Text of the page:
The Risks for 2G/3G Roamers

Not only are networks being sunsetted on varying timelines, but certain operators, like in many countries across Africa, still rely heavily on 2G and 3G. This means roamers travelling from these networks to sunsetted countries (or vice-versa) will be unable to connect. This is problematic for several reasons:

Widening the digital divide: As 2G and 3G networks are phased out, those reliant on these legacy technologies may face limited or no connectivity options when travelling abroad. This would further widen the existing digital divide, disproportionately impacting users in regions with limited access to next-gen networks.

Safety Concerns: The discontinuation of 2G and 3G networks could hinder the ability of roamers to contact emergency services, potentially jeopardising public safety. Networks that have sunsetted 2G/3G carry voice traffic in a different way to older networks, via Voice over LTE (VoLTE), these two different methods are not inherently compatible, so roamers could find themselves unable to make voice calls, and therefore unable to contact emergency services.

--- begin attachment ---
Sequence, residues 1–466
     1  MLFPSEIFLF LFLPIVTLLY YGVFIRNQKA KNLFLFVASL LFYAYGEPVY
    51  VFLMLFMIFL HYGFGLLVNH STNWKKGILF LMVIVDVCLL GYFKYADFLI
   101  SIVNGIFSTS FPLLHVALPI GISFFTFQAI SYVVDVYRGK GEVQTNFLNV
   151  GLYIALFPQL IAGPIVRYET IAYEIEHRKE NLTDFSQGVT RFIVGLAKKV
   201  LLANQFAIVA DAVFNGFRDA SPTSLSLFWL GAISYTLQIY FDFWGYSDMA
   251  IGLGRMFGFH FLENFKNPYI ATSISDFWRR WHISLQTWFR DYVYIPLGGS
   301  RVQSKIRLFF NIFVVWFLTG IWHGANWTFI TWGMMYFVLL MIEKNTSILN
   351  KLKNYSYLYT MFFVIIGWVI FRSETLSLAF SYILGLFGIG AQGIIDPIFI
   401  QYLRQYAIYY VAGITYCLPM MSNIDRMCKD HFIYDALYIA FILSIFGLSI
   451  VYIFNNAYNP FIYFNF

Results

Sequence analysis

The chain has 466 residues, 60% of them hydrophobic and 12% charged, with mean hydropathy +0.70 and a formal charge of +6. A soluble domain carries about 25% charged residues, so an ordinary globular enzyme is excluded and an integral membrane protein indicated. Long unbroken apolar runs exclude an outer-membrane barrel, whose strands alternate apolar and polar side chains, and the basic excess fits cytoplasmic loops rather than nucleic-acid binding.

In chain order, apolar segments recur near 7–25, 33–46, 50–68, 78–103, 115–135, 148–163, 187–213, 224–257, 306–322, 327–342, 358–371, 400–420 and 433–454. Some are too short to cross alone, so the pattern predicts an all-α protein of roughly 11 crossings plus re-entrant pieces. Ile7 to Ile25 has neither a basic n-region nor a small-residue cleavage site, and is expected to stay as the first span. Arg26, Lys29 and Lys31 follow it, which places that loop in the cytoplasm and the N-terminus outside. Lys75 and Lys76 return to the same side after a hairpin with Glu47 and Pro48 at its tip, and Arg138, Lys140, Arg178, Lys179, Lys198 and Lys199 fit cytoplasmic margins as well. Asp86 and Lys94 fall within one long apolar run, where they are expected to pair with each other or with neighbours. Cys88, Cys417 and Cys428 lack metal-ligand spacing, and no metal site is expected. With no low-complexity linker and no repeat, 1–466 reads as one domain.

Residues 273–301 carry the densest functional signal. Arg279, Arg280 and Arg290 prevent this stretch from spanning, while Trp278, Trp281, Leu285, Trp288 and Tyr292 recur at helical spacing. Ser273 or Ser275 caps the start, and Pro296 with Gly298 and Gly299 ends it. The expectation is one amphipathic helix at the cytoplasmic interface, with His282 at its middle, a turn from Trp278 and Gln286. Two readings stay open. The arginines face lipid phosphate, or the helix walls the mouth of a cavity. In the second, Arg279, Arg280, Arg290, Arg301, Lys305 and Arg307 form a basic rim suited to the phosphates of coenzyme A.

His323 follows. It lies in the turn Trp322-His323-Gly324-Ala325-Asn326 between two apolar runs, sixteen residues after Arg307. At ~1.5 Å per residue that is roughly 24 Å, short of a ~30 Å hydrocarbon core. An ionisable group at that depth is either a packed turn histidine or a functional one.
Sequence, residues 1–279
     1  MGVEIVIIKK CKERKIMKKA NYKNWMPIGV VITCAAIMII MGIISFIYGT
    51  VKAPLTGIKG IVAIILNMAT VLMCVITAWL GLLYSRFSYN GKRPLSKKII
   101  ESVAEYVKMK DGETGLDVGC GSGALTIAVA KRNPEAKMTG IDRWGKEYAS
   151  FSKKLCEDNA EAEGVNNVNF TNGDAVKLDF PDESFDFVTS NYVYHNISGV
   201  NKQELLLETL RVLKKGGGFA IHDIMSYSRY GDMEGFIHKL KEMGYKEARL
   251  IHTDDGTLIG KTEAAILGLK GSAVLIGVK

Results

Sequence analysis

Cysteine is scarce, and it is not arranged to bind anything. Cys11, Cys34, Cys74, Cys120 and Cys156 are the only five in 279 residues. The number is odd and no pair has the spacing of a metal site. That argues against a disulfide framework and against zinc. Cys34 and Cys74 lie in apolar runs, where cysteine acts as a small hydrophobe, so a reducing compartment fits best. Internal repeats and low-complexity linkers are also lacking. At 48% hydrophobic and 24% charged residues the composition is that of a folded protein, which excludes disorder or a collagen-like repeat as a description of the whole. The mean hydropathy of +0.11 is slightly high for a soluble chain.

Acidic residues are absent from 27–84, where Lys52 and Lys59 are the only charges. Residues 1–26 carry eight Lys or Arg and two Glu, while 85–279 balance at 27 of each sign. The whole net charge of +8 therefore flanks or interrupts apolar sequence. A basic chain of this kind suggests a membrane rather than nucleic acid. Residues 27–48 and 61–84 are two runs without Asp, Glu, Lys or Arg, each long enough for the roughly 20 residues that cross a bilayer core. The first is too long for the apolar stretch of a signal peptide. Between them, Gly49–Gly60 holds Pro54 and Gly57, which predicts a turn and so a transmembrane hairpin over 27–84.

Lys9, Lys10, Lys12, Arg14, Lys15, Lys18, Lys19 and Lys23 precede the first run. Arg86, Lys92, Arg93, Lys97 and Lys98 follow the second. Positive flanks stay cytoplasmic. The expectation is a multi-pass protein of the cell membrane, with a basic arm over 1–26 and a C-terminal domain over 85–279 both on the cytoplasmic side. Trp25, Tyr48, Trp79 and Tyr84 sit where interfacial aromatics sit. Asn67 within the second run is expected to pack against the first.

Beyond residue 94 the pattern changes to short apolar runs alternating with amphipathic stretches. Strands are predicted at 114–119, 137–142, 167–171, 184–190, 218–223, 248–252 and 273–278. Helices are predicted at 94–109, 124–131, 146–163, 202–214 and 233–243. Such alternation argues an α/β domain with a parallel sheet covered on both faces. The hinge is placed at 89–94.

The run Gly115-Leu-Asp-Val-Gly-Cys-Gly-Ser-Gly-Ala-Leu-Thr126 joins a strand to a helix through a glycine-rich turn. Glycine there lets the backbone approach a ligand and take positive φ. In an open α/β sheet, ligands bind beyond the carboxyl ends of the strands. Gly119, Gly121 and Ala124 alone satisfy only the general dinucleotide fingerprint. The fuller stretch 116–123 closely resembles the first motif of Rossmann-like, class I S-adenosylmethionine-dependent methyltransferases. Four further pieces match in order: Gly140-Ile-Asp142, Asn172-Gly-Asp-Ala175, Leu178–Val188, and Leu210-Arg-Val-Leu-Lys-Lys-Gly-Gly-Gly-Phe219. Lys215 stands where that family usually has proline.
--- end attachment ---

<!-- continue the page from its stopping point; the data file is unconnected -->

Lost revenue for operators: Finally, the shift away from 2G and 3G networks poses challenges for operators as they risk losing revenue from roamers who can no longer access these networks. Operators need to carefully balance monetising new connectivity opportunities while ensuring the seamless experience of roamers transitioning from older networks.

To ensure customers are covered as much as possible when roaming in the sunset era, operators need to pursue roaming solutions that can allow their users to access otherwise inoperable networks.

VoLTE to the rescue?

VoLTE (Voice over LTE)-based solutions may be the answer to bridging the gap between 2G/3G and sunsetted networks. VoLTE enables voice calls to be transmitted over 4G networks, ensuring compatibility between these newer and older technologies.